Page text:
We’ve just moved house. It’s not something anyone with a life would want to do often, if only because of the sheer chore of letting dozens of different organisations know about the change of address, never mind the pain of changing things like TV and telephone services. Most significant of all, there’s the sheer cost of moving. Sure, there are Estate Agents, Solicitors and others to pay, but the real blow – when you live in expensive cities like Cambridge – is stamp duty, which has risen to eyewateringly high levels in recent years. If we stay in this house for ten years, and spread the cost of the stamp duty over that period, it comes to (wait for it) a couple of hundred pounds a month. I hope you make good use of it, Mr Osborne.
But hey, nobody’s going to feel sorry for me buying an expensive house. What I can do is to tell you about some of the services we used, and if they were any good. Almost uniformly, they were.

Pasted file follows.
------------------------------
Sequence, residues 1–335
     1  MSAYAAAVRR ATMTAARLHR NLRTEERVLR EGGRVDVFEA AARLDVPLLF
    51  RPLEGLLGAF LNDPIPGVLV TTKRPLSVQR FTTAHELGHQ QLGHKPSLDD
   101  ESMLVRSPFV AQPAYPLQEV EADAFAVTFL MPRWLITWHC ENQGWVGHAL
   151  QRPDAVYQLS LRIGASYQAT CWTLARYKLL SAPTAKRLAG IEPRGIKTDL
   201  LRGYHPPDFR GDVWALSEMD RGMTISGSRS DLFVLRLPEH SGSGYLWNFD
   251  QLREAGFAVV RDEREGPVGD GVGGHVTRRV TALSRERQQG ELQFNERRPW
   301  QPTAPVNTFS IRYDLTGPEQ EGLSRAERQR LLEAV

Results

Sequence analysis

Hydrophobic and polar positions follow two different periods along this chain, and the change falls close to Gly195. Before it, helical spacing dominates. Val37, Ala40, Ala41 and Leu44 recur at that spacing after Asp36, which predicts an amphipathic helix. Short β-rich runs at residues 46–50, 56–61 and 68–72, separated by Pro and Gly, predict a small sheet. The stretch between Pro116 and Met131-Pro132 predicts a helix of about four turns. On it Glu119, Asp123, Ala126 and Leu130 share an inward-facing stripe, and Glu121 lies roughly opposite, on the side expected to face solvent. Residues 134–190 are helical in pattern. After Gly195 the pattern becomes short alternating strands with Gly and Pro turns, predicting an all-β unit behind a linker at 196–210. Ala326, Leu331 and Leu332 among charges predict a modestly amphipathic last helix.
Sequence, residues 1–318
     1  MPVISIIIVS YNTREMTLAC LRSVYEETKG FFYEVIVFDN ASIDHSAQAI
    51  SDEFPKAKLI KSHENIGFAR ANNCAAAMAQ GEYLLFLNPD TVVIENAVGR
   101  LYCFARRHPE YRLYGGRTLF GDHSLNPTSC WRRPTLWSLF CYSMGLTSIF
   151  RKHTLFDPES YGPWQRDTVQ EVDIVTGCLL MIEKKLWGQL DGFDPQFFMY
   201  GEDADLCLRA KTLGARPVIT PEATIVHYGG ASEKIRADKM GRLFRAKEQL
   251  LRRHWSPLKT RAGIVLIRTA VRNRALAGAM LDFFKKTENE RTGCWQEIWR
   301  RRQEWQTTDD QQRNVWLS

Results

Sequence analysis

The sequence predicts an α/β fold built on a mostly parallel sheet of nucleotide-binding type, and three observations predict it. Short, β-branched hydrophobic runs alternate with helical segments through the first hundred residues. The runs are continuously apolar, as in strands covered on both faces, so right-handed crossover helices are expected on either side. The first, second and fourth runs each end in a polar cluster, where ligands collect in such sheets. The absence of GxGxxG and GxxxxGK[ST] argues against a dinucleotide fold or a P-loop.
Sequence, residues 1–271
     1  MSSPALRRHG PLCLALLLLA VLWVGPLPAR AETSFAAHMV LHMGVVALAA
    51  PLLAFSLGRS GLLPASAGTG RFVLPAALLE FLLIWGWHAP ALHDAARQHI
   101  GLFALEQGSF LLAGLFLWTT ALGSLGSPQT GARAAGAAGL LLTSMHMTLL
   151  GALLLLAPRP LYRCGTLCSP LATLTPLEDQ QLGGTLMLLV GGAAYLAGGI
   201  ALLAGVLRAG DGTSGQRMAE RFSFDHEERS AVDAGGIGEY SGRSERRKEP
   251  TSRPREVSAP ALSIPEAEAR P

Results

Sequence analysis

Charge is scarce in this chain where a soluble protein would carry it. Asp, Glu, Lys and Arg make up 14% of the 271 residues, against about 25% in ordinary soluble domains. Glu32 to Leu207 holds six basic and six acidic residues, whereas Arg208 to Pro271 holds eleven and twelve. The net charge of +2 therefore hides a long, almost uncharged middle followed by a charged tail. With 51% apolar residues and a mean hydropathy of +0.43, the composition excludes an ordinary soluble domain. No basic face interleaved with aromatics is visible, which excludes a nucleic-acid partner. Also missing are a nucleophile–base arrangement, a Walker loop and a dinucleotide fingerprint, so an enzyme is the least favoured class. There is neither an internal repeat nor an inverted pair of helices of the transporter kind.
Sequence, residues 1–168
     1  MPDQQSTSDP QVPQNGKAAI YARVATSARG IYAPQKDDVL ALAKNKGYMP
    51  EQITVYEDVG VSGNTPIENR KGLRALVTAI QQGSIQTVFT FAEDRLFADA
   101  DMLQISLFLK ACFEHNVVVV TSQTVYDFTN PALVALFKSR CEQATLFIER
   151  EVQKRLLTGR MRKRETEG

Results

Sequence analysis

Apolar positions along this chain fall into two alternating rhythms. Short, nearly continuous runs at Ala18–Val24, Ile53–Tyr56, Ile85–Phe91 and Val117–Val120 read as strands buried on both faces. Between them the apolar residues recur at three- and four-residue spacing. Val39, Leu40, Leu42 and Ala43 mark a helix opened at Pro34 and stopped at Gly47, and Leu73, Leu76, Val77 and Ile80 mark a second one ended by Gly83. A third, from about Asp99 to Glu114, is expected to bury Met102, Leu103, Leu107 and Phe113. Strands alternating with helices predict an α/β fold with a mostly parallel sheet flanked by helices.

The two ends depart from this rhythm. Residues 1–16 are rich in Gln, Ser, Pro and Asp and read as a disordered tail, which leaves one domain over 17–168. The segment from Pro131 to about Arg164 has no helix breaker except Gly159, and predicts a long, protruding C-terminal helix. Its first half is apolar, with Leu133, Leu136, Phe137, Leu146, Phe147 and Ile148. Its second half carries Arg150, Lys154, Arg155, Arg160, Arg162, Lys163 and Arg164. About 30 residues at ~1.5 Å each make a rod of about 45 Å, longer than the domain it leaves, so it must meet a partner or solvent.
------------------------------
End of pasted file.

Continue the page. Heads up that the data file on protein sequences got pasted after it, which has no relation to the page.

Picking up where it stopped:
The Estate Agents
First of all, we had to sell our existing house. We had four estate agents round, and three of them clearly just looked at a nearby house similar to ours which had sold a year earlier, added a bit on to reflect the rise in house prices over the year, and recommended that’s what we put the house on the market for. But I was convinced that the area was underpriced, and amazed that there seemed to be no allowance for the fact we’d spent over £40,000 on a top-quality extension just four years earlier. Enter Kevin Burt-Gray of TuckerGardner (update: see comments below).